Let’s face it, academia is a tough world. But if you’re that good and you present yourself as being that good, someone will take a chance on you even if you didn’t come from the best lab/university/professor. Presenting yourself as being that good is as important as your technical ability because you’ll eventually need those skills for commanding a conference hall, a classroom on a daily basis, and you have to inspire your students. Underneath all of this research and teaching is a business. A Tier 1 research university, on some levels, in nothing more than a business. It’s your job to bring in money so you can play in the lab and the university can function (and give you a lab in which to play). If you’re good but not good at showing people how your research relates or how efficient your research group is, you’re not going to succeed.
The most important way to get this across is your application package and, if you are lucky, your interview and presentation. For now, I’ll stick with the application package and discuss interview stuff over the next few days. The app package usually consists of four items: CV, cover letter, statement of teaching (SoT), and a statement of research (SoR). If you’re good at graphics, then make a fancy (but tasteful) cover with an explanation of what it shows. They don’t want to see abstract art, but if you have a few pictures or drawings that summarize your research, then do it.
Let’s start with the CV. Critically assess your CV. If you’re looking at academic jobs, you have to know you’re good enough. If you have a few publications in OK journals for your field, then it’s looking dicey. The easiest way to check is find the newest assistant prof in your department and ask them how many papers they had when they were higher. If you’re equal or greater, then you’re off to a good start. Also, NEVER have a “papers in prep” section. That’s basically saying “Yeah, I was going to do that but I never got around to it”. It screams of saying you’re not a closer. At the very least, don’t give them a reason think poorly of you.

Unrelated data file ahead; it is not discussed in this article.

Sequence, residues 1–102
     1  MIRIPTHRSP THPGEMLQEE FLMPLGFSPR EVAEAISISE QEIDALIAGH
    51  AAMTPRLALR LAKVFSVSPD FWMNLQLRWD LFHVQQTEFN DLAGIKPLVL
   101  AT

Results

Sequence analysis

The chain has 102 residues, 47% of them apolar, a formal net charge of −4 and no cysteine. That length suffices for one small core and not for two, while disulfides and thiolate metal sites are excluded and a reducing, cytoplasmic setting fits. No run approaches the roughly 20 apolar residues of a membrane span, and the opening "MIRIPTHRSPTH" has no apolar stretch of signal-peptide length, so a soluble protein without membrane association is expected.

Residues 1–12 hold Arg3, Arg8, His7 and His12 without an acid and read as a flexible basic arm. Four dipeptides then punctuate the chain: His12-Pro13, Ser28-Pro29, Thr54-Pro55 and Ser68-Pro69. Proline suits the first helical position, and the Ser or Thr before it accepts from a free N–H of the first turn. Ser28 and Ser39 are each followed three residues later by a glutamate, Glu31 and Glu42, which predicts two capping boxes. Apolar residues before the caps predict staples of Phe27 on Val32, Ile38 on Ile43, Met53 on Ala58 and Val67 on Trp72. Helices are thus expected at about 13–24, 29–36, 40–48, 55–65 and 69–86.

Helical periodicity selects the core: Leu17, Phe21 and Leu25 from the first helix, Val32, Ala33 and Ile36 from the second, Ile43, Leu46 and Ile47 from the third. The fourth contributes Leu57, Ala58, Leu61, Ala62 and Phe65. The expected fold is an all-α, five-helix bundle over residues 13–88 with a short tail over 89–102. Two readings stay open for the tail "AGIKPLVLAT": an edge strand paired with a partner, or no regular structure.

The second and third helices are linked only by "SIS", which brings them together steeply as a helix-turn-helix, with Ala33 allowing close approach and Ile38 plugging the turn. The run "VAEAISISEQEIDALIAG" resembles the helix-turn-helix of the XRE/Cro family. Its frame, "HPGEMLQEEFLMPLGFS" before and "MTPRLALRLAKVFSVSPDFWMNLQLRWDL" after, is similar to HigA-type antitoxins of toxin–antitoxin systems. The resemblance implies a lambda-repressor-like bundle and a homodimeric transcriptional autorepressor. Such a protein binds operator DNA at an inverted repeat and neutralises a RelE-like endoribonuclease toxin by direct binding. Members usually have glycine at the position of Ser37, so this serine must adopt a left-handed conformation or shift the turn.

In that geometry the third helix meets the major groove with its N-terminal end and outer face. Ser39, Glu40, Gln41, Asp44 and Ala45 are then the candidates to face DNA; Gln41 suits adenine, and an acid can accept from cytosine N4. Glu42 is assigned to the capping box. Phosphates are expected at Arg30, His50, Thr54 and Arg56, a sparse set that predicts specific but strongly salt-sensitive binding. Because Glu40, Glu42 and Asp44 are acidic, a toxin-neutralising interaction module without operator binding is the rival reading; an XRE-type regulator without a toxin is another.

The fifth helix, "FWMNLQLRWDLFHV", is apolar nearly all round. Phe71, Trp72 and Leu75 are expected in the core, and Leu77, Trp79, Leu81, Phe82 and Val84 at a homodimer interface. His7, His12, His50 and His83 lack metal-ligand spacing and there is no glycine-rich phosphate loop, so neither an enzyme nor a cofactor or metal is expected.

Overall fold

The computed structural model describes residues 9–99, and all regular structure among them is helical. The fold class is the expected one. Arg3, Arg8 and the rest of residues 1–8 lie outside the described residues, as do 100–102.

Another good tip for papers is to separate journal publications and conference proceedings. Most reviewers will try to divvy them up anyway, so they’ll thank you for helping them out. Putting them together is a lose-lose proposition. Assuming you have only one or two journal papers and you hide them with 8 conference proceedings, it is going to look like you’re hiding the fact that you didn’t publish enough. Even if you had 8 journal papers and you intersperse them with a bunch of conference proceedings, they’re going to say “Wow, this person has done a lot of work, but why not accent that you know how the publishing game is played” (More on the politics of publishing later).
As for the rest of the resume, make sure to keep an accurate employment history and remember important dates for everything. Since I did not have postdoc experience while applying, I left everything research or academia related in my resume since about the middle of my undergrad. Make sure to have all of your sections concise and not spread out over a page break but do list everything. Aside from research/employment, education, journals, and conferences, list any patents, presentations at conferences, companies, and/or universities, mentoring, key skills for your research, academic service, conference volunteering, professional associations, awards, grants, everything including the kitchen sink. You're supposed to stand out, not blend in.
Another tip I got was to make a website of projects. Your future colleagues probably don’t want to go through all of your papers but if you had a website with some good photos and schematics, that will work wonders. Have a short description, keeping the high-line of the research focusing on “What’s the main purpose” and “Why is this project successful”. No more than a paragraph or two. That can really give reviews a good perspective.
On Monday, I’ll tackle the SoT, SoR, and cover letter. Any other tips/tricks that I didn’t mention are greatly appreciated.